The Biomechanical Response of the Eye, Face, and Orbit to Primary Blast Overpressure
Alphonse, Vanessa D.
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Combat-related blast injuries are occurring more frequently with the increased use of improvised explosive devices in current military conflicts. Though much research has focused on how the body responds to the relatively low loading rates associated with blunt trauma, little is known regarding the response of the body to the higher loading rates associated with blast trauma. While soldiers are surviving once-lethal blast events due to enhanced protective equipment, injuries such as those to the eye and face that were once considered inconsequential, can now be detrimental to long-term healthcare costs and quality of life. Although it is suggested primary blast overpressure (i.e., the shock wave) can cause severe eye injuries, there remains few empirical data in the literature that confirms this. Adding to this, there are currently no testing standards to assess the effectiveness of personal protective equipment during blast exposure. Expanding upon traditional research techniques within the field of injury biomechanics, the research in this dissertation focuses specifically on developing experimental and physical models of the eye, face, and orbit for blast overpressure exposure. Foremost, a porcine eye model is used to quantify eye injury risk from blast overpressure exposure. Subsequently, these biomechanical data are used to develop a physical model of the eye that can be used in lieu of cadaver specimens for blunt and blast loading. Lastly, military spectacles and goggles are examined for effectiveness at protecting the eye during blast exposure. Combined with detailed computer-aided design geometries, these data can be used to validate computational models of the eye, orbit, and face to blast loading. Results from these tests support one theory that shock waves may enter the skull through the orbit, alluding to future work that is essential to more fully understanding the physiological response of the brain and ocular motor system to blast exposure. Ultimately, the experimental methods and analysis techniques disseminated herein serve as a framework for future experimental work related to blast and other high-rate loading scenarios.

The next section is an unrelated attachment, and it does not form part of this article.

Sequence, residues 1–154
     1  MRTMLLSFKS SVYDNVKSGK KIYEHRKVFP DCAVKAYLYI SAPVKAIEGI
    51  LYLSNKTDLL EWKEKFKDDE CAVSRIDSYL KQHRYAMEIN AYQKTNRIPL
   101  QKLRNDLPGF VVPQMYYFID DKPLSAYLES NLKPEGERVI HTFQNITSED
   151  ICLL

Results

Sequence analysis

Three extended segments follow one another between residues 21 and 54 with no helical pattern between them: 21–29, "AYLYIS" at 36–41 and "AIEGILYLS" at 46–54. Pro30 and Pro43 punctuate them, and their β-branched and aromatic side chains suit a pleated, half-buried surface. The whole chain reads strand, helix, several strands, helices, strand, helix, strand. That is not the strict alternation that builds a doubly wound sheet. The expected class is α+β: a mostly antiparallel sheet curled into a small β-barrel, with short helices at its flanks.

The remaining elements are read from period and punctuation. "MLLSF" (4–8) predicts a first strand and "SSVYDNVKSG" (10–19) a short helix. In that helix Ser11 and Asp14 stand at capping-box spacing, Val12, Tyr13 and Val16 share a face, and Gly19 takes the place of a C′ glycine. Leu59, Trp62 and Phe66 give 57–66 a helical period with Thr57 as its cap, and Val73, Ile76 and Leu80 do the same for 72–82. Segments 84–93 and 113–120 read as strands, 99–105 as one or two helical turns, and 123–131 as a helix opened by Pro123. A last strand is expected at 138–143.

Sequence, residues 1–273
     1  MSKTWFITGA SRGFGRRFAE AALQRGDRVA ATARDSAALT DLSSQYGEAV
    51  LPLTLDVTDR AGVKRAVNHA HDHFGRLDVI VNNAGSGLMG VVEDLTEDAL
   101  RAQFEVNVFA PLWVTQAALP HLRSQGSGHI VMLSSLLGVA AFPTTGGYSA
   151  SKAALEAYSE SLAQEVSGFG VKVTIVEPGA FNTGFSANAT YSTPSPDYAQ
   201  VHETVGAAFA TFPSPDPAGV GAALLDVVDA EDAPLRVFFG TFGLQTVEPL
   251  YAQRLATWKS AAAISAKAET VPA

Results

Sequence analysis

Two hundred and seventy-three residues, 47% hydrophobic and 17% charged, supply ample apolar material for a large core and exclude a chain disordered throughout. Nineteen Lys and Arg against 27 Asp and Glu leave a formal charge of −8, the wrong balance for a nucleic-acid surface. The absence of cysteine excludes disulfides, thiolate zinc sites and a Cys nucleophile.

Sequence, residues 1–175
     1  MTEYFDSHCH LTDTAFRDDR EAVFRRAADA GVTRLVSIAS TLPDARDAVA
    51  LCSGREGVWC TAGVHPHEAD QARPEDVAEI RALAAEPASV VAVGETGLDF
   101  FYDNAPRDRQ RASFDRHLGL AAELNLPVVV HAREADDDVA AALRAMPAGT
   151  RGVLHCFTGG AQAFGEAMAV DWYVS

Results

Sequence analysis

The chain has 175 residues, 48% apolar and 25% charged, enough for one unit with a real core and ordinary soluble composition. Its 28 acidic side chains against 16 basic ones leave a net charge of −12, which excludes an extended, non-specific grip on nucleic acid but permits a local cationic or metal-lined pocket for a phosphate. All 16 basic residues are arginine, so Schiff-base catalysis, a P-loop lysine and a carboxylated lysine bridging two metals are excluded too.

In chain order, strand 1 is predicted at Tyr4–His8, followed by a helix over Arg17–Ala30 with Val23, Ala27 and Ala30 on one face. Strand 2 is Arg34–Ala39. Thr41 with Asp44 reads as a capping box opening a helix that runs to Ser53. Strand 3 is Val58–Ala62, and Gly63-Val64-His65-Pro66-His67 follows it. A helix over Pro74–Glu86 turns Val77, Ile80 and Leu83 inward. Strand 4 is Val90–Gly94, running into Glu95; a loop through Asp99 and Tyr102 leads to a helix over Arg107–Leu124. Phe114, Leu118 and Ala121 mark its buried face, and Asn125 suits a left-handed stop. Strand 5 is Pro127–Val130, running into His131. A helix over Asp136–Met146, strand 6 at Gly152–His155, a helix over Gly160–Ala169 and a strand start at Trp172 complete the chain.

- Doctoral Dissertations